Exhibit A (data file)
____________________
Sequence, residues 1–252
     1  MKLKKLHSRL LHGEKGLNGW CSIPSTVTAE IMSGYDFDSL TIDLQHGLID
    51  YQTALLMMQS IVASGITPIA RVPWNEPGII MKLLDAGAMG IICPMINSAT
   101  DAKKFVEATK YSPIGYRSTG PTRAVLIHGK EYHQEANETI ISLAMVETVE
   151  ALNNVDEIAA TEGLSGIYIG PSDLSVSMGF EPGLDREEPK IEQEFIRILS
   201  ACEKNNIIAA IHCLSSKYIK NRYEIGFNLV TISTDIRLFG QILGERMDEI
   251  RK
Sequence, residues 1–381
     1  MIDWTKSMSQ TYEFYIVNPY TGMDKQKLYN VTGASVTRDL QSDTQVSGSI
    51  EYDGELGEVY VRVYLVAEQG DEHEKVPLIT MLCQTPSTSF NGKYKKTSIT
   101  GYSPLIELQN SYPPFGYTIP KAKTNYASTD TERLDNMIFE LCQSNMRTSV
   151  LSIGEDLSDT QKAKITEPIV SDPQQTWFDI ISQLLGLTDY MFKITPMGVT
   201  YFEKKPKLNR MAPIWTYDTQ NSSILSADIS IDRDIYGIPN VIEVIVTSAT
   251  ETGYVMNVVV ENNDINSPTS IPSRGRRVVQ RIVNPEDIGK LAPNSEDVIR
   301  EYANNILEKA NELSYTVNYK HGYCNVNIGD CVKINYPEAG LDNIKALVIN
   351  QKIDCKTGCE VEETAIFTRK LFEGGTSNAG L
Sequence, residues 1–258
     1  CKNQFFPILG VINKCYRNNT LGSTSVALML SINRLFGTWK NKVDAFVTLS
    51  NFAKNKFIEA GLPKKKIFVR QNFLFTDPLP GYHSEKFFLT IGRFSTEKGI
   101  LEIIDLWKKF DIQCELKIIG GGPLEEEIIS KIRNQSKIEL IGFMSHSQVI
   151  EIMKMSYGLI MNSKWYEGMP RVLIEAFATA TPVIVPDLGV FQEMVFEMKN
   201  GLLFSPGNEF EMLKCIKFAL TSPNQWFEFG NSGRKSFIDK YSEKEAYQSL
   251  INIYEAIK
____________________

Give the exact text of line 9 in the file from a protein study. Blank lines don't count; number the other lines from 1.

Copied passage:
     1  MIDWTKSMSQ TYEFYIVNPY TGMDKQKLYN VTGASVTRDL QSDTQVSGSI